• The third-year program consists primarily of the School's Practice Court Program. Practice Court traces its roots to the original School, and was returned in 1922 shortly after the School was reinstituted. Though Practice Court is designed primarily for students who will practice law before the courts; it is mandatory for all students. Practice Court consists of four classes. The first three classes (Professional Responsibility, Practice Court I: Pre-Trial Practice and Procedure, and Practice Court II: Trial Evidence, Procedure, and Practice) must be taken as a package within a quarter (and students cannot be enrolled in any other courses during that quarter); Practice Court III: Trial and Post-Trial Practice, Procedure, and Evidence must be taken immediately thereafter in the following quarter (and though students may take electives, any elective cannot be in a class scheduled after 2:15 pm).[3] The Practice Court program covers not only mock trials but all aspects of the law and procedure process from pre-trial preparation to post-verdict motions.[4]

In addition to the standard Juris Doctor degree, Baylor Law students can obtain a combined JD with either the Master of Business Administration (both traditional and with an emphasis in healthcare administration), the Master of Taxation, the Master of Public Policy and Administration, or the Master of Divinity degree.


According to Baylor's official 2013 ABA-required disclosures, 67.6% of the Class of 2013 obtained full-time, long-term, JD-required employment nine months after graduation.[5] Baylor's Law School Transparency under-employment score is 17%, indicating the percentage of the Class of 2013 unemployed, pursuing an additional degree, or working in a non-professional, short-term, or part-time job nine months after graduation.[6]


The total cost of attendance (indicating the cost of tuition, fees, and living expenses) at Baylor for the 2013-2014 academic year is $69,113.[7] The Law School Transparency estimated debt-financed cost of attendance for three years is $262,761.[8]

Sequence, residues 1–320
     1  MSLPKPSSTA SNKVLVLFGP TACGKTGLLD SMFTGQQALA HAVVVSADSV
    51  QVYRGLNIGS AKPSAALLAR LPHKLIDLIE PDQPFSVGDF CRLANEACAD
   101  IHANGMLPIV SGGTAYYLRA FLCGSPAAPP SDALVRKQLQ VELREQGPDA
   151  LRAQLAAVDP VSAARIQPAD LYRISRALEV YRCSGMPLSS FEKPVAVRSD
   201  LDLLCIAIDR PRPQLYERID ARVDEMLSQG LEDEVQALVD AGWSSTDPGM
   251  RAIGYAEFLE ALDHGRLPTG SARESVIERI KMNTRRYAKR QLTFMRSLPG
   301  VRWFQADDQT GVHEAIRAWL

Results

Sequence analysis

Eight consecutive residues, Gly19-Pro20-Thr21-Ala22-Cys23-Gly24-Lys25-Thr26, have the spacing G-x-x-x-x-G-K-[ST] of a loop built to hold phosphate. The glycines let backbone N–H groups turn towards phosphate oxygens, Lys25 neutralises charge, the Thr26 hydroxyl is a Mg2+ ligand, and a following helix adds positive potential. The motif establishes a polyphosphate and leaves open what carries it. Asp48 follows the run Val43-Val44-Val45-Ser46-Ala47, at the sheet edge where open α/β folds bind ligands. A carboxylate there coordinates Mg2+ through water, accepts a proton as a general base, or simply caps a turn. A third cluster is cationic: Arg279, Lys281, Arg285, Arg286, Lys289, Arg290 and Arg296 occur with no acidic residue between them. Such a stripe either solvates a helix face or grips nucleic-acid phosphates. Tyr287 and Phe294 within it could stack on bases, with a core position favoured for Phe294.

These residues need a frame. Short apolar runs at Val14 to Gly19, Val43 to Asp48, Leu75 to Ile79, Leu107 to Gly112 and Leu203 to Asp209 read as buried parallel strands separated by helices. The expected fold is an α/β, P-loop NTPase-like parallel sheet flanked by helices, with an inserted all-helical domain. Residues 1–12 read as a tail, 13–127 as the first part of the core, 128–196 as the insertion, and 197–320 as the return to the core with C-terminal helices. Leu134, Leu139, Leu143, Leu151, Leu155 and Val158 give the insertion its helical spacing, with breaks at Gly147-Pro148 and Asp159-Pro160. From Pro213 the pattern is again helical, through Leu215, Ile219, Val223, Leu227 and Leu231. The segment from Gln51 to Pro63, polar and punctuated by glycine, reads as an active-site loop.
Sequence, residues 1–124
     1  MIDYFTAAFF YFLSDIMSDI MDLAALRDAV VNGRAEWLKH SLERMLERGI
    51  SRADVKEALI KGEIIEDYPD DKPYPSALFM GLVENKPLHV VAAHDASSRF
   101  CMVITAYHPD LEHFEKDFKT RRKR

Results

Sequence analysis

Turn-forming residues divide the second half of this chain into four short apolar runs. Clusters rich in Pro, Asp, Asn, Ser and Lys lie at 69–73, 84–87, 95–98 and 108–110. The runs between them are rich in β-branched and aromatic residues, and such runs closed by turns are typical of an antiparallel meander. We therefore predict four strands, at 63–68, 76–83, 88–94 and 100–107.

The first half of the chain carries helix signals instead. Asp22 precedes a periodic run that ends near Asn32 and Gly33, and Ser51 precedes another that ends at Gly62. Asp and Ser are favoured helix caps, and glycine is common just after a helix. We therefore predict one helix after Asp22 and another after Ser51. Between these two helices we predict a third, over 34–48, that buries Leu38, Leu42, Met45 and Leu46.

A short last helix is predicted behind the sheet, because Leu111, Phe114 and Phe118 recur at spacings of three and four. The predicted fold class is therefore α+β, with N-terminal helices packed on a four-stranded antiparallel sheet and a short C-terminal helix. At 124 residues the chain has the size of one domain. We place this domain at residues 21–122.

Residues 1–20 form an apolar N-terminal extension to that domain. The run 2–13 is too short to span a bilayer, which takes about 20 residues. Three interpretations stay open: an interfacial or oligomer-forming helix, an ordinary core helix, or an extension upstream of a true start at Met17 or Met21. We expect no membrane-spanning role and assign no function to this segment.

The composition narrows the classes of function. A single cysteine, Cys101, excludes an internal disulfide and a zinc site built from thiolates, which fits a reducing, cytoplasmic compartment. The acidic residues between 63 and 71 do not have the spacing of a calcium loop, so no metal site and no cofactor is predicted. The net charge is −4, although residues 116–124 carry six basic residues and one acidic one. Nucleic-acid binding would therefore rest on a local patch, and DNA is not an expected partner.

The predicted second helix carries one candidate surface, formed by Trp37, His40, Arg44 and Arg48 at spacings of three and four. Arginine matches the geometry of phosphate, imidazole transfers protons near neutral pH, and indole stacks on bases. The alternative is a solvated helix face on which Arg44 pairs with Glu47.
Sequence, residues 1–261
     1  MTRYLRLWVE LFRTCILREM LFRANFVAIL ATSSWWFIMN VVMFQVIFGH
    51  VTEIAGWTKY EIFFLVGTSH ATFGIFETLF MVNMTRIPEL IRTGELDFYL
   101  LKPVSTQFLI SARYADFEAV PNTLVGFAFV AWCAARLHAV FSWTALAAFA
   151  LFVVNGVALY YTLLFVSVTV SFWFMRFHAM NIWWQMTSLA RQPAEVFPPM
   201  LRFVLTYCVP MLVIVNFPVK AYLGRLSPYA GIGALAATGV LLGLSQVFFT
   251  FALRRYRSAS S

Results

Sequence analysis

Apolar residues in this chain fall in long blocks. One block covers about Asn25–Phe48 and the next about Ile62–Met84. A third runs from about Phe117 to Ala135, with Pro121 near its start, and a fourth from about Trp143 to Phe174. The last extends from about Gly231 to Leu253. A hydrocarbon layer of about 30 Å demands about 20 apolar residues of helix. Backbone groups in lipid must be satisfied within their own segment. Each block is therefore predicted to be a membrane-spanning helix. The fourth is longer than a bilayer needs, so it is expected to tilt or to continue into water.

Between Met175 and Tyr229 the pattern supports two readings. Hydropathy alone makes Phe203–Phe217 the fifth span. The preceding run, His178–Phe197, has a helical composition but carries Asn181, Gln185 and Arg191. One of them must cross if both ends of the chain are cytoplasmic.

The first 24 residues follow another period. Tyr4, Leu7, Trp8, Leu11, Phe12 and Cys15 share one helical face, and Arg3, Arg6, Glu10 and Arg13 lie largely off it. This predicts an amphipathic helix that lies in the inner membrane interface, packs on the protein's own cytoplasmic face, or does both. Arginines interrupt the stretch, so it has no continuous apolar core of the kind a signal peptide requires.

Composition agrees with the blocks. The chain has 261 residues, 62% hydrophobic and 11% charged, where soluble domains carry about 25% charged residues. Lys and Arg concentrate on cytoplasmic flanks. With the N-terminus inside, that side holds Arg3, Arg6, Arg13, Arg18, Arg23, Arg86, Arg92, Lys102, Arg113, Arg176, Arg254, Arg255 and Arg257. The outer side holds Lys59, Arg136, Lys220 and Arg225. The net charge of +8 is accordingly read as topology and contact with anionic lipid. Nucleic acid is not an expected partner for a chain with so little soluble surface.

Notable alumni


  1. ^ a b "Baylor University School of Law, ABA Law School Data" (PDF). LSAC. Archived from the original (PDF) on 10 July 2009. Retrieved 2009-08-12.
  2. ^ "U.S. News & World Report, Rankings – Best Law Schools". U.S. News & World Report. Retrieved 26 March 2012.
  3. ^ a b c
  4. ^
  5. ^ "Employment Statistics" (PDF).
  6. ^ "Baylor's LST Profile".
  7. ^ "Baylor Cost of Attendance".
  8. ^ "Baylor's LST Profile".
  9. ^ "Phillip Benjamin Baldwin". Federal Judicial Center. Retrieved 1 January 2013.
  10. ^ "Charles Barrow". Baylor University Waco, Texas. Retrieved 1 January 2013.
  11. ^ "Beau Boulter". Biographical Directory of the United States Congress. Retrieved 1 January 2013.
  12. ^ "Bob Bullock". Texas State Historical Association. Retrieved 1 January 2013.
  13. ^ "Tim Curry". Justia. Retrieved 1 January 2013.
  14. ^ "Leonard Davis". Federal Judicial Center. Retrieved 1 January 2013.
  15. ^ "Jack Fields". Biographical Directory of the United States Congress. Retrieved 1 January 2013.
  16. ^ "Sidney A. Fitzwater". Federal Judicial Center. Retrieved 1 January 2013.
  17. ^ "Louie Gohmert". Biographical Directory of the United States Congress. Retrieved 1 January 2013.
  18. ^ "Sam B. Hall". Biographical Directory of the United States Congress. Retrieved 1 January 2013.
  19. ^ "Andrew S. Hanen". Federal Judicial Center. Retrieved 1 January 2013.
  20. ^ "Morris Harrell, 80, an Influential Texas Lawyer". New York Times. Retrieved 1 January 2013.
  21. ^ Vertuno, Jim (2014-04-23). "Former AP reporter Robert Heard dies at age 84". Associated Press. Retrieved 2014-05-12.
  22. ^ "Jack English Hightower". Biographical Directory of the United States Congress. Retrieved 1 January 2013.
  23. ^ "Bryan Hughes". Texas House of Representatives. Retrieved 1 January 2013.
  24. ^ "Rep. Kleinschmidt, Tim (District 17)". Retrieved February 25, 2014.
  25. ^ "Tryon D. Lewis". Texas House of Representatives. Retrieved 1 January 2013.
  26. ^ "Dr. Rod Martin to Speak at 2015 Commencement". Hannibal LaGrange University. Archived from the original on 17 January 2016. Retrieved 13 January 2016.
  27. ^ "Priscilla Owen". Biographical Directory of the United States Congress. Retrieved 1 January 2013.
  28. ^ "William R. Poage". Biographical Directory of the United States Congress. Retrieved 1 January 2013.
  29. ^ "Purcell, Graham Boynton, Jr". Retrieved February 27, 2013.
  30. ^ "J. T. Rutherford". Find A Grave. Retrieved 2 January 2013.
  31. ^ "Max Sandlin". Biographical Directory of the United States Congress. Retrieved 1 January 2013.
  32. ^ "Byron M. Tunnell". Texas Politics. Retrieved 1 January 2013.
  33. ^ "Kirk Watson". Project Vote Smart. Retrieved 1 January 2013.
  34. ^ "John Eddie Williams Makes Significant Gift to New Baylor Football Stadium". Baylor Media Communications.
  35. ^ "WILSON, Joseph Franklin - Biographical Information". Retrieved 2015-06-08.

External links

Coordinates: 31°33′16″N 97°06′55″W / 31.5545°N 97.1154°W